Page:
The dream-pop duo tugs in all the right directions on their best LP to date.
Hari Ashurst 2012-05-09
In one way or another Beach House records have always been about the essence of things. Their self-titled first record was characterised by simplicity: ticking drum machines, keys and electric guitar acted as lone backdrops for deceptively simple pop songs.
Tracks from that record, like Apple Orchard and Tokyo Witch, burned off any possible excesses and let melodies sit just so. On first blush Bloom is striking with its expanse and depth; but even in this more detailed surrounding Beach House are still after the same ideas of economy.
Opener Myth pirouettes on elementary percussion and a sparkling guitar line. A head of steam gathers slowly, becoming more textured and wild by increments. So that when Victoria Legrand finishes up the first chorus, singing "Let you know I'm not the only one," the rug is pulled out and the emptiness is all the more startling.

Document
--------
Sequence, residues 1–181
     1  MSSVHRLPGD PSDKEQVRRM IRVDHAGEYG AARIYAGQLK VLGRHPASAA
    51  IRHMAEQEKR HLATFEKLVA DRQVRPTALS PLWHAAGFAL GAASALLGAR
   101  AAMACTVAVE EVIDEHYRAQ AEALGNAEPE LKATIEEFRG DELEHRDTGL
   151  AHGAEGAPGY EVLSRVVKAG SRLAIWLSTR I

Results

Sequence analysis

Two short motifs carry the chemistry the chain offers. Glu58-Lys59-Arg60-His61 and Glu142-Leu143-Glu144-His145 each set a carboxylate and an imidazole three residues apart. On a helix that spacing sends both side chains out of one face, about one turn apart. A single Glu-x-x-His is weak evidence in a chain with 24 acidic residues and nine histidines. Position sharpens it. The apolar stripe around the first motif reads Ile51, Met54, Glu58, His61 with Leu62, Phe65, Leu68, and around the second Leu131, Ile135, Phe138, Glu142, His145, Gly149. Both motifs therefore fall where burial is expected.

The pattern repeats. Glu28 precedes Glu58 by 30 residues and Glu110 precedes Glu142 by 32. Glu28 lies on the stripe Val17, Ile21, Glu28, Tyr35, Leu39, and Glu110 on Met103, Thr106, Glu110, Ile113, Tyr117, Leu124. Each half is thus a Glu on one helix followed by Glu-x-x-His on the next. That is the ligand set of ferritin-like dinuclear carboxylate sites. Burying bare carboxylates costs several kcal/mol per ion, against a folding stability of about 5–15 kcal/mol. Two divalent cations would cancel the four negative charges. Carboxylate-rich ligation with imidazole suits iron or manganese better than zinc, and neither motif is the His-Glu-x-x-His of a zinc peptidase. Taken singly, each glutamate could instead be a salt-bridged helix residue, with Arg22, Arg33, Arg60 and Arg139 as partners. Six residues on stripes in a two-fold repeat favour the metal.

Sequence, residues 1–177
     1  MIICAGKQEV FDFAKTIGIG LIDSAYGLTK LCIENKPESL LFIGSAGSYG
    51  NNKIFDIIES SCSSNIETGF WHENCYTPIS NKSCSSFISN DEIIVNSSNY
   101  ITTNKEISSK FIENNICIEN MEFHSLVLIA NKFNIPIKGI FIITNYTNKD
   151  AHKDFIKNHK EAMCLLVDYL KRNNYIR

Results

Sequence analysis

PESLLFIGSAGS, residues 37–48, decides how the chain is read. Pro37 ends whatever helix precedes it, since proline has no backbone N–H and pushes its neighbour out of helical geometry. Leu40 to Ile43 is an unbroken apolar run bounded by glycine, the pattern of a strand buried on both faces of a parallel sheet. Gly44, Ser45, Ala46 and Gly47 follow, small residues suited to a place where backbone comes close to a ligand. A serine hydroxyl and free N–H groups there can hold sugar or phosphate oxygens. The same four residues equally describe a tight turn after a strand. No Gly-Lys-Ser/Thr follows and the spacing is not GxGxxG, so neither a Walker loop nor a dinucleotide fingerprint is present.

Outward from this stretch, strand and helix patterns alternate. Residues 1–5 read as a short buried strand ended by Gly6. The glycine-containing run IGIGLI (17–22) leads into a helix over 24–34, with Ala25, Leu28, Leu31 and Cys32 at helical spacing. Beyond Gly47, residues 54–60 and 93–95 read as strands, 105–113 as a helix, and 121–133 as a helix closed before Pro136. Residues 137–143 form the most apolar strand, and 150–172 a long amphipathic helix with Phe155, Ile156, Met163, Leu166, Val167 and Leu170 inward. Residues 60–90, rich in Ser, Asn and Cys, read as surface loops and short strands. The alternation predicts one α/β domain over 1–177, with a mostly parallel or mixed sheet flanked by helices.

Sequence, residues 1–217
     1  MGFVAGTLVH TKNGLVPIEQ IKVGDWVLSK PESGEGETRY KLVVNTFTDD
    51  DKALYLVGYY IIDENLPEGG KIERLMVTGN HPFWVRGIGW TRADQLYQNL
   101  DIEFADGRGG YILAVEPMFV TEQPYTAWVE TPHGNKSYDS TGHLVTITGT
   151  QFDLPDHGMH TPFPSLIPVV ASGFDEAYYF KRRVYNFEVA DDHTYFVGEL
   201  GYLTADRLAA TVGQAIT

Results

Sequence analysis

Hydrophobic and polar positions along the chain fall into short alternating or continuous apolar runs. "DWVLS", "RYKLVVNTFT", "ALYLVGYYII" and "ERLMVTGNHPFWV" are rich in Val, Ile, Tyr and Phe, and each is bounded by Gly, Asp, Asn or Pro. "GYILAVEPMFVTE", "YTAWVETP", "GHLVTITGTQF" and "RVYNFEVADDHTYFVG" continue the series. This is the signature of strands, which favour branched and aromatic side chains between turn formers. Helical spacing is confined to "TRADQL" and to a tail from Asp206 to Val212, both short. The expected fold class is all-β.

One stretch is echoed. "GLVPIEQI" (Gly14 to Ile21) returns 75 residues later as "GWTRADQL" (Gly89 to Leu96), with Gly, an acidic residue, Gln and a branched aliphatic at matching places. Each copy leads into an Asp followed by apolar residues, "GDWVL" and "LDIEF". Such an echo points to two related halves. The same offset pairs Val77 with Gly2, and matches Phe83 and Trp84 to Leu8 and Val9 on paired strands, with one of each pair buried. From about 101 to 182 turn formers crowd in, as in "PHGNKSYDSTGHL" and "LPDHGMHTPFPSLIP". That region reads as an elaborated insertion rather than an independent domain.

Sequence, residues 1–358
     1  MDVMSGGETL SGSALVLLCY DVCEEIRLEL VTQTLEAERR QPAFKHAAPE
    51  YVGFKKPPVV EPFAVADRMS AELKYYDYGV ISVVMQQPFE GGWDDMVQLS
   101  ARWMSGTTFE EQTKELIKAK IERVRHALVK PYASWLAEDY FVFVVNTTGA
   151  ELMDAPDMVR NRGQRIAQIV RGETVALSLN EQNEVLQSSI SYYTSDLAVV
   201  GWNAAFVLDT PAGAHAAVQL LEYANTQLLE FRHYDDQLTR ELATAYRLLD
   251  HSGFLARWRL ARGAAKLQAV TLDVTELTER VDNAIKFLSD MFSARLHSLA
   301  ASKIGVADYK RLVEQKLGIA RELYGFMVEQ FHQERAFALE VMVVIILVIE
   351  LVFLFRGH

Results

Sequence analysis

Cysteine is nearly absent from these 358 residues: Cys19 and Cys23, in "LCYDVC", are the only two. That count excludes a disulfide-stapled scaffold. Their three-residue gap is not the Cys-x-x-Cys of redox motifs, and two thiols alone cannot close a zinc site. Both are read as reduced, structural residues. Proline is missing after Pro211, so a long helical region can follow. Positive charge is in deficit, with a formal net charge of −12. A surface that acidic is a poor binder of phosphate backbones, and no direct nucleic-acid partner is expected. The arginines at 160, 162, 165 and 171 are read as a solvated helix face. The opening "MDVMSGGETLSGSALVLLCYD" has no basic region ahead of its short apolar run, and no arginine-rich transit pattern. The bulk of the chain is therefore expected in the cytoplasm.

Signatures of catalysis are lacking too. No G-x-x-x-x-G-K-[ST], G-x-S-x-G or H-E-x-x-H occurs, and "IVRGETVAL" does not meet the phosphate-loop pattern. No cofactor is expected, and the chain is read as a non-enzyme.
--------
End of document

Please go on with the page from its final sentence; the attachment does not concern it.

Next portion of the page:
Even though parts of this song – and others on Bloom – can feel quite free-range, there's a solid construction to the way Beach House unravel such pieces. They tug in just the right directions, which can make for quite a deceptive listen. It's easy to be carried along by Bloom's easy sense of beauty, and much harder to trap exactly what it is that makes the record so charming.
The answer lies in small moments and tectonic rubs: the overlapping vocal at the end of Lazuli; Lagrand sliding The Hours into ecstasy late on; or the weightless guitar interlude in New Year. In truth, there are too many such moments to list, and it's probably more fun to discover them yourself. Those small workings of Bloom might not stick out at first but gently push songs towards blissful resolutions that somehow don't feel manipulative or at all corny.
It might sound strange but after spending time with the record what Bloom most calls to mind is macro photography. An extreme close-up shot often reveals hidden depths and textures of familiar subjects. So too with Beach House on this record; guitar lines are blown up, Legrand's vocals are heady and intense, while melodies reveal like time-lapse videos.
Once you manage to pull away from Bloom's magnified scenery and consider the record as a whole it's difficult to think of it as anything other than its makers’ best work so far.